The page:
While an increasing number of BC drivers are switching – or considering switching – to electric-battery vehicles, a new survey from BC Hydro has found that “misconceptions” about electric vehicle range for out-of-town trips is preventing the majority of British Columbians from purchasing one – even though most road trips are within the range of the latest models.
- Approved legislation ensures all cars sold in BC will be clean energy by 2040
- Over half of BC drivers are now considering switching to electric cars: poll
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The report, entitled: ‘Electric highway: Road trip range anxiety is pumping the brakes on EV adoption in BC’ found that close to 70% of British Columbians are hesitant to purchase an EV because they don’t think it can be taken on out-of-town road trips.
In addition to range, the survey also found would-be electric vehicle drivers have concerns over availability of charging stations (or lack thereof) along their chosen travel routes.
However, the report noted that the majority of the road trips taken by British Columbians are less than 300 km one-way – within the range many of the latest most popular EVs can travel on a single charge.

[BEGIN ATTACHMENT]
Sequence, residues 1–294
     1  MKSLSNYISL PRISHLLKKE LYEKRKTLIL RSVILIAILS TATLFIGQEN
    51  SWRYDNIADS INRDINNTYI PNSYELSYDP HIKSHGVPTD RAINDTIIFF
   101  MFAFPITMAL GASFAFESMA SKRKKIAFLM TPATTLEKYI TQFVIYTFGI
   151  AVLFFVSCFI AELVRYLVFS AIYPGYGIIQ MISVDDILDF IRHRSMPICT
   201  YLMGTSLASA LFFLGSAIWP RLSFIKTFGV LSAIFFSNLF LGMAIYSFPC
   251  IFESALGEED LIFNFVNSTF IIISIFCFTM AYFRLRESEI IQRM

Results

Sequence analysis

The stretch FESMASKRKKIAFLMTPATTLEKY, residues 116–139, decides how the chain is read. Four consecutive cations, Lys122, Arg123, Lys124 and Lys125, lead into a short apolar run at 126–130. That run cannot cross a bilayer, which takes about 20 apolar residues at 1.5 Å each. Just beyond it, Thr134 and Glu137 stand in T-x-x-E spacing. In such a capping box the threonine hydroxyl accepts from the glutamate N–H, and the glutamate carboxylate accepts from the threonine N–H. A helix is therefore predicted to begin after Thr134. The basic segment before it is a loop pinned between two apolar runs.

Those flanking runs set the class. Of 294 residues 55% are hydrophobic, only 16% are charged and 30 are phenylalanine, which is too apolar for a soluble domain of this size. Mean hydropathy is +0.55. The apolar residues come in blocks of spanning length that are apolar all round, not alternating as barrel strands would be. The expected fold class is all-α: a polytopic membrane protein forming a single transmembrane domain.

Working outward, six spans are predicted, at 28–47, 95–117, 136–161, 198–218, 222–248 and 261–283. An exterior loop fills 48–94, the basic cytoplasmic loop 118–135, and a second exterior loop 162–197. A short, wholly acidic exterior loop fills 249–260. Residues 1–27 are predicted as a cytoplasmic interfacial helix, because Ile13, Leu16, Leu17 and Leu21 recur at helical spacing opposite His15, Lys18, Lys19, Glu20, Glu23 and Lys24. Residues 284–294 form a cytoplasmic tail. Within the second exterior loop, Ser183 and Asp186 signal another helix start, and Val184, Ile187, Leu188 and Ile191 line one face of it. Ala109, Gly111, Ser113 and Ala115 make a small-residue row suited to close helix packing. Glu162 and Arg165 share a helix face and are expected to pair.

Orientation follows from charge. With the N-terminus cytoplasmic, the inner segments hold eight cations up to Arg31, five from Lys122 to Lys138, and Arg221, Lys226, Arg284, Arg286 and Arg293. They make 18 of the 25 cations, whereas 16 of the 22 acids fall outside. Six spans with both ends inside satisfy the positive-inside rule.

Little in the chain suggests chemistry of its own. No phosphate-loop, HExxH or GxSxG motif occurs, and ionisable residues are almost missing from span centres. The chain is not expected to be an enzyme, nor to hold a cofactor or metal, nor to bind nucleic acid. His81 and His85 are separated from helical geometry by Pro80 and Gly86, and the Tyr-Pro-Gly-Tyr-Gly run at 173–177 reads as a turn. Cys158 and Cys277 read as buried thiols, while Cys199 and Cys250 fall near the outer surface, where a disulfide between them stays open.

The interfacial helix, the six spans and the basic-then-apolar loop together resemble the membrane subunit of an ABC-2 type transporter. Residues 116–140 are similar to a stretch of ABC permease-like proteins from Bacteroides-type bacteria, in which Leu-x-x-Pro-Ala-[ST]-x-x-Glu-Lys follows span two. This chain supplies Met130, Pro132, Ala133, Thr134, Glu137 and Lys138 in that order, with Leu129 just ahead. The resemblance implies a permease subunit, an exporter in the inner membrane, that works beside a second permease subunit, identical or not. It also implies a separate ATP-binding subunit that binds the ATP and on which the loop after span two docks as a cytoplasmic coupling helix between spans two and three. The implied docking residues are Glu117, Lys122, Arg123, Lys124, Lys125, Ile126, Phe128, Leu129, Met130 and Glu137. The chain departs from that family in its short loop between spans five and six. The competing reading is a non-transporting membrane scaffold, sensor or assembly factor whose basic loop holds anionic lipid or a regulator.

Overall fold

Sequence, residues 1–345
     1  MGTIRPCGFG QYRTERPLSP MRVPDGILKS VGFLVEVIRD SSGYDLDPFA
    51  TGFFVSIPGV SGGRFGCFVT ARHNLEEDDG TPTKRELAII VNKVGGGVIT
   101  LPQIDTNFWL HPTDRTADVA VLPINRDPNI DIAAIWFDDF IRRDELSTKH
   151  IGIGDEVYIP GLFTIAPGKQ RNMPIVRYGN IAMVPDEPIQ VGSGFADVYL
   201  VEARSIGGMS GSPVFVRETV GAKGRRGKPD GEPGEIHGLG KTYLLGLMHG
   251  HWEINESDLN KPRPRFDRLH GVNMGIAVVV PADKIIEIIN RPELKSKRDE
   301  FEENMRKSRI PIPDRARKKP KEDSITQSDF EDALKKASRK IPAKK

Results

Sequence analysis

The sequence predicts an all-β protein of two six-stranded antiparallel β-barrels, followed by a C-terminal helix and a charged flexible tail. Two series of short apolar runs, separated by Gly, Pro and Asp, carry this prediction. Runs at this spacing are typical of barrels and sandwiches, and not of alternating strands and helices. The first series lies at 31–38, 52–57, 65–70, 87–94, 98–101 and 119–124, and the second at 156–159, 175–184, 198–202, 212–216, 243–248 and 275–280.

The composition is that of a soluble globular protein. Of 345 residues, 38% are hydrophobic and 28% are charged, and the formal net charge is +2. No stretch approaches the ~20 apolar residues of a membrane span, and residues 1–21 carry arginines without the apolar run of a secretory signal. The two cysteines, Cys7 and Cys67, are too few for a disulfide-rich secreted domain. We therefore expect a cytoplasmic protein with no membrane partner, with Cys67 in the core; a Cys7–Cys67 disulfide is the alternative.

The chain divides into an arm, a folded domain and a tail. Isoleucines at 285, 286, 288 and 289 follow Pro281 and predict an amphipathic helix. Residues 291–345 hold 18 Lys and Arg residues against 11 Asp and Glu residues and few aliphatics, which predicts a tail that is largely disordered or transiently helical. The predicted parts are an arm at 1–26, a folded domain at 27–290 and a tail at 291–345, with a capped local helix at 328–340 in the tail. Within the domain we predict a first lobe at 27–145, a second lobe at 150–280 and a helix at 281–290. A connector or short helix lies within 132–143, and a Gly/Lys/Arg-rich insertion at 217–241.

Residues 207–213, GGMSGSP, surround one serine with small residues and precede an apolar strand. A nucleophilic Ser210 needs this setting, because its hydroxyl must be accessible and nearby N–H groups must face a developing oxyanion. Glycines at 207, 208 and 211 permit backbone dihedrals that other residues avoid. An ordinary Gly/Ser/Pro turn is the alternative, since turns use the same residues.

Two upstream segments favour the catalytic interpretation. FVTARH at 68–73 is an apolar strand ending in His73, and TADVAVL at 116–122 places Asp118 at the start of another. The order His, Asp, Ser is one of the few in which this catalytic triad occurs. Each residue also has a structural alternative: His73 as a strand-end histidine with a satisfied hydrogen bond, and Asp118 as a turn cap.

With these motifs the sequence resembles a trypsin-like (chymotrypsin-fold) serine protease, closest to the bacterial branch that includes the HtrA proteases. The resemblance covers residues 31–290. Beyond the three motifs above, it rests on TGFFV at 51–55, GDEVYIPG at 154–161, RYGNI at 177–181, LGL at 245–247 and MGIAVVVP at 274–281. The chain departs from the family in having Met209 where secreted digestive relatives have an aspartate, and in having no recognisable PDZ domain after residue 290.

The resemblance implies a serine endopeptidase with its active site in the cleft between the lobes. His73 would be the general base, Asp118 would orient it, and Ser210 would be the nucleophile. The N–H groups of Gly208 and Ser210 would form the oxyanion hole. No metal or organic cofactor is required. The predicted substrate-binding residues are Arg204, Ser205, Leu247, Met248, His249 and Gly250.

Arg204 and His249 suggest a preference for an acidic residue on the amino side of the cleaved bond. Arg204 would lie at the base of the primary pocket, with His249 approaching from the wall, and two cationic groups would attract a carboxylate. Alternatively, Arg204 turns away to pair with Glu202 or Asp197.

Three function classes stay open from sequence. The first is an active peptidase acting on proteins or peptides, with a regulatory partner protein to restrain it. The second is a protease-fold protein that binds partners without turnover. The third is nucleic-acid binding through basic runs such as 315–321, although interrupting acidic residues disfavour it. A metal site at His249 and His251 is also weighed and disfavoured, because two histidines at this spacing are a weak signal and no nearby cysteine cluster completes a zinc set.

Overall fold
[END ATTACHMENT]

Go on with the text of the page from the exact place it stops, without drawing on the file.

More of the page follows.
In its response to the survey, BC Hydro noted that it has a network of 58 “fast-charging” stations – among the 270 that are available in the province – “that allow EV drivers to travel from Tofino to the Alberta border.” These stations, it noted, charge the average EV battery to 80% in around 30 minutes.
Still for EV drivers planning a trip this summer, and looking to get the most out of their vehicle, BC Hydro has offered up some tips:
- Plan ahead: Map out the route and the locations of charging stations using a mobile app provided by an EV charging station provider. BC Hydro has an app that lists all its fast-charging stations in its network.
- Know when to charge: An EV should be charged when it reaches close to 75% of its range to help ensure peace of mind and reduce stress if the unexpected happens.
- Avoid unnecessary accelerating: Cruise control is recommended when travelling on highways to help keep the vehicle at a steady pace as the more unnecessary accelerations, the faster the battery will deplete.
- Control the temperature: Keep the A/C at a low level or use it intermittently; blasting it can decrease the vehicle’s range.
Last month, the BC Government officially passed the Zero-Emission Vehicles Act (ZEVA), which requires all new light-duty cars and trucks sold in the province to be clean energy vehicle models by 2040.